Employees at the University of Central Arkansas will get $1,000 bonuses this month after the Board of Trustees approved a one-time payment Friday.
The move comes after the university saw a substantial increase in its cash reserves — to about $12 million at the end of July — and a 10 percent jump in freshman enrollment this year over last year, according to preliminary figures and UCA officials. The university’s credit rating has also improved, UCA officials said Friday.
The bonus, to be paid Sept. 30, will cost UCA nearly $1.7 million with $589,111 of that coming unexpectedly from the state earlier this year. About $1.1 million in savings was set aside for a possible bonus at the end of the last fiscal year, according to UCA documents.
Eligible faculty are full time and were employed on the last day of their contract period in fiscal 2012. Eligible staff were employed on June 30 and were eligible for benefits this past Friday. For example, faculty or staff hired on or after July 1 are not eligible for the bonus, nor are those employees who left UCA before Friday, according to documents to trustees. Employees who work 75 percent time would get $750.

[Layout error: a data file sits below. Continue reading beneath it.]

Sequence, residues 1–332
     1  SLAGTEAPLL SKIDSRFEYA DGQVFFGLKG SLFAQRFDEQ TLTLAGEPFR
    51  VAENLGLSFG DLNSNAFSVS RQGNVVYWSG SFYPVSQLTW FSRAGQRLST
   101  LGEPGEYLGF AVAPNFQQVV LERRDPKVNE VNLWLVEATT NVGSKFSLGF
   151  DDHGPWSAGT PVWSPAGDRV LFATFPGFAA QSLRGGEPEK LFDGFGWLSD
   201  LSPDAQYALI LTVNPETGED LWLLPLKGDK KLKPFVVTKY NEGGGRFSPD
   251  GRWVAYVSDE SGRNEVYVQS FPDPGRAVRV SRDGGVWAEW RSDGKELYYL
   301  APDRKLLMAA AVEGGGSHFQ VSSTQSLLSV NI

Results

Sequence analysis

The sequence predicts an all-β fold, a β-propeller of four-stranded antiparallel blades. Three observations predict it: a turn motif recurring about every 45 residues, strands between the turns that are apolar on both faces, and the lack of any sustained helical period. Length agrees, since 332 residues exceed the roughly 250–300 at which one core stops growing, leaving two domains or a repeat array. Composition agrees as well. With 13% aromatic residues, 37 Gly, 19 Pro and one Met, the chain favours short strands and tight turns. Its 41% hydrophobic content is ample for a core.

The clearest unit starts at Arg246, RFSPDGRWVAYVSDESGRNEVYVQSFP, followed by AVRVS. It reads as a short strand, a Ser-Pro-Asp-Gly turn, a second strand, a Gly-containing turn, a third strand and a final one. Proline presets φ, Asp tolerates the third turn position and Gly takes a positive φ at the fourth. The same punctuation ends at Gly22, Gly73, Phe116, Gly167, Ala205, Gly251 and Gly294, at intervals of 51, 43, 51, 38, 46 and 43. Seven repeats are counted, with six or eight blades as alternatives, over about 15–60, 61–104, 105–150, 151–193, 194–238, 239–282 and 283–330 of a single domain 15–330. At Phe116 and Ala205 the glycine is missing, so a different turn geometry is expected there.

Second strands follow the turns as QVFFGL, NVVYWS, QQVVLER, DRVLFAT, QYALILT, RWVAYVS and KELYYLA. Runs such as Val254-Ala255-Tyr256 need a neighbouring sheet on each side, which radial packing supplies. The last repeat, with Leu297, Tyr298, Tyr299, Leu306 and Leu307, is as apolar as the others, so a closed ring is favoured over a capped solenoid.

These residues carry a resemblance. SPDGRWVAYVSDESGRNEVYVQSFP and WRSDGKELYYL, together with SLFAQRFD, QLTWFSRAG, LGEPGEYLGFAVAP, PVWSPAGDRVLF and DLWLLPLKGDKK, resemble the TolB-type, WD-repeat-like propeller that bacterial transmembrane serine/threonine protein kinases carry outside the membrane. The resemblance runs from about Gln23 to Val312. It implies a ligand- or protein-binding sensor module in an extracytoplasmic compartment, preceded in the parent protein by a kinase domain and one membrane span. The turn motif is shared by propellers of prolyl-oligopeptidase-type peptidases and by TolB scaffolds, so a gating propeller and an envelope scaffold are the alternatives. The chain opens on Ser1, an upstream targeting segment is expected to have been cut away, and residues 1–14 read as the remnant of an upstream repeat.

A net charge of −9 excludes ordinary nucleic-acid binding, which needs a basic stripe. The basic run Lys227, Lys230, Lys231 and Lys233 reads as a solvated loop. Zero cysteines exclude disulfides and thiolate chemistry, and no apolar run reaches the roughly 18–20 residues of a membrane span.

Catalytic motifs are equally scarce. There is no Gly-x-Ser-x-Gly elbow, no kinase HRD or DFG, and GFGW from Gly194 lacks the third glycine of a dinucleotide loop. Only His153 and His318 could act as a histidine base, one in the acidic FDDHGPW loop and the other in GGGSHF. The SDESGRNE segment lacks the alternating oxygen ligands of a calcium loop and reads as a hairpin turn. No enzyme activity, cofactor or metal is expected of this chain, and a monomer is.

The bonuses also come at a time when UCA is trying to move past poor financial figures from four years ago that caused employees to take pay cuts and to forego raises.
The last raise for nonclassified employees, which includes professors, was for 2.25 percent two years ago. Classified employees received a 2-percent pay increase last year. Earlier this year, faculty expressed frustration at the lack of pay raises, and Faculty Senate President Kevin Browne said some faculty are leaving UCA. He repeated his concern, despite bonus pay, during the board meeting.
“We are starting to lose people — good people,” Browne said.
About 21 people are listed on the “resignations, terminations and/or non-reappointment” list trustees considered in executive session.
President Tom Courtway said the bonus pay is important because he promised faculty and staff that if the university’s budget stabilized and enrollment figures improved, he would pay a bonus. The university is just short of its goal of $15 million in cash reserves. Total enrollment fell slightly this year over last year, but Courtway believed those figures could be turned around shortly.
Browne said faculty need pay raises.
“A bonus is nice — it would be welcome,” Browne said prior to the approval. “But it’s not a raise.”
The bonus will not be added to base salaries. Courtway said he hopes to put a cost of living increase in next years budget.